How to Compose the Perfect Cheese Platter

When French friends invite me to parties, I instinctively ask "What should I bring?" and brace myself. Baguette? No problem. Wine? I defer to the good people at En Vrac (with great success, I might add). Cheese, on the other hand, poses an arrestingly terrifying conundrum. French people live and die for les fromages- literally, a percentage of elderly persons and pregnant women die each year from cheese-related illness- and this time last summer, the only brie I'd ever had was on a hamburger. Eventually, I stopped thinking my friends were out to get me- although I can't dwell on this subject too long, because really, who throws a party for French people and asks the only American to bring cheese? I asked- nay, begged- four fromagers (from La Grande Epicerie, La Fromagerie, Eric Lefèbvre, and Laurent Dubois) to teach me the fine art of composing a perfect cheeseboard.

Composing the Perfect Cheese Plate

001. The amount

Plan on 20-30g per person for dessert; 125g per person if serving as a meal. For Americans, 1-2 ounces up to 4-6 ounces is sufficient. Pictured above is a cheeseboard for four persons.

002. The categories

Chèvres: Goat's cheeses. I always ask for une chèvre très, très frais.
Pâtes molles à croûte fleurie: Soft, ripened cheeses
Pâtes pressées cuites et non cuites: Hard and semi-soft cheeses
Pâtes molles à croûte lavée: Soft, ripened, washed-rind cheeses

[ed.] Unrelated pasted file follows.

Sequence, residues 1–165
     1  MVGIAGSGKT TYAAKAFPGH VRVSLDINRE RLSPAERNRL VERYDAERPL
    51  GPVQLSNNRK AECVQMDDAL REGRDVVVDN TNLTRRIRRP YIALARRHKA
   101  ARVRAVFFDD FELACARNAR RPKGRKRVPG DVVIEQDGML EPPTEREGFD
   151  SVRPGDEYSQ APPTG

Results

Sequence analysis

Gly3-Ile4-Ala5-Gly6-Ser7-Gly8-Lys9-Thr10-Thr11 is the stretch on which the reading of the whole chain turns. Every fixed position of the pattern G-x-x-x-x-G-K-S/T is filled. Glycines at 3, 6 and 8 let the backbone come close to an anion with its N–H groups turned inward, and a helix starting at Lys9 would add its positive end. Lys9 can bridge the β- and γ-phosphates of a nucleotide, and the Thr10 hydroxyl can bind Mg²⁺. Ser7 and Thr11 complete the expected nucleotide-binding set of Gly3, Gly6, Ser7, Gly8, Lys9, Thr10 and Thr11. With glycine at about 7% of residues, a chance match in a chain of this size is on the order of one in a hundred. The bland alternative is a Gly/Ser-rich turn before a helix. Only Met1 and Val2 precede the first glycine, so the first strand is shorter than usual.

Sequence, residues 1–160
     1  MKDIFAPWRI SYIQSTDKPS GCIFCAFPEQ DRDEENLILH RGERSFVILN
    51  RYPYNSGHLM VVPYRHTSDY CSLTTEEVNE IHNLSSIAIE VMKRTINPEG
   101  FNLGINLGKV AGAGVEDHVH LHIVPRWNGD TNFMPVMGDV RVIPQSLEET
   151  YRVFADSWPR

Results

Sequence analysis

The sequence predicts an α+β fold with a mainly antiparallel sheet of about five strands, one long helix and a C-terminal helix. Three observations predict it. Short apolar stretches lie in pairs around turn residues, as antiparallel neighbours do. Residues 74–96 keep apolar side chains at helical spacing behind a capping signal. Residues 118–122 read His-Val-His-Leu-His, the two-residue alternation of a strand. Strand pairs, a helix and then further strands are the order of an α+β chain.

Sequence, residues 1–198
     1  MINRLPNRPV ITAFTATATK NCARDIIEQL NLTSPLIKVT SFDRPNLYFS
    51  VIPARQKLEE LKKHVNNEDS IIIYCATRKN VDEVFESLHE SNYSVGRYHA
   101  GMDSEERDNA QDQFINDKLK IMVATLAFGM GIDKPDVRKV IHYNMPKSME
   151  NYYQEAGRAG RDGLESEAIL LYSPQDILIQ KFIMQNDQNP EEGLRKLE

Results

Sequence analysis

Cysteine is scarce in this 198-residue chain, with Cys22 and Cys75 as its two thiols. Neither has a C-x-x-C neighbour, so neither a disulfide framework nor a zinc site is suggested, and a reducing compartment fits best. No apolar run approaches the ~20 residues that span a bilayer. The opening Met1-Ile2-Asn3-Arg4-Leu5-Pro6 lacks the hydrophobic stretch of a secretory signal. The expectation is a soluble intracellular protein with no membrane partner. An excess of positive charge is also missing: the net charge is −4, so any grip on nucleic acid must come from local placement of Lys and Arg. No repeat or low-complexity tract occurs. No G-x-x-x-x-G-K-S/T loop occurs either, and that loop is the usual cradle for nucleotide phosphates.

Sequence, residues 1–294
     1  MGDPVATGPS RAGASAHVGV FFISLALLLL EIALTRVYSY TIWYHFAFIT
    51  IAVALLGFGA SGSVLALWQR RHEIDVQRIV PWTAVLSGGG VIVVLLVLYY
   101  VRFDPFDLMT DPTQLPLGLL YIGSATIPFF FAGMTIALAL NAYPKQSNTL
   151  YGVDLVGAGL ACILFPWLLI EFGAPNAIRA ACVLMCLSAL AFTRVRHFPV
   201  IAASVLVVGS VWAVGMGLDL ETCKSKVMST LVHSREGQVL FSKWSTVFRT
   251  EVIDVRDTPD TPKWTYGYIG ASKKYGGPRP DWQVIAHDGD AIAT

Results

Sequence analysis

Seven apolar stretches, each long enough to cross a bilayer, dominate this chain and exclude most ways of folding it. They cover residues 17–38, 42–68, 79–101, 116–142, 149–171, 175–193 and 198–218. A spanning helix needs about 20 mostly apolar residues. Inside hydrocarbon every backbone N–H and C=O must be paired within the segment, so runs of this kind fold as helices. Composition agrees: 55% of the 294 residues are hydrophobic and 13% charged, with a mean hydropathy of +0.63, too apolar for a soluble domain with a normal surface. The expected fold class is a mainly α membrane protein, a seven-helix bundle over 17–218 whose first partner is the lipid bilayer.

Pâtes persillées: Blue cheeses (omit this category for gluten-free). Impress your fromager by asking for something très salée.

003. The presentation

If serving as a meal, arrange consecutive plates consisting of 3-5 cheeses from each category, according to the order outlined above. For dessert, arrange cheeses in an organized fashion on a board or platter with accompaniments.

The height of chic, I'm told, is a cheese board from Griffon, but I find the logo tacky and flip ours over when entertaining guests. I've found St. Felicien double creme makes people crazy with its' indescribable richness; the simpler your cheese board, the better, and most hostesses adorn a cheese course with nothing but fine bread. In fact, I've seen grapes on only one platter, and it was the table of a British hostess, at that! Similarly, a proper cheese knife is totally unnecessary, despite any charm it adds to after-dinner niceties.

This helpful infographic from Cookening (I met one of the co-founders at a party once; he's brilliant and has awesome taste in music) is the most comprehensive guide for serving French cheeses I've seen to date. Bonne dégustation!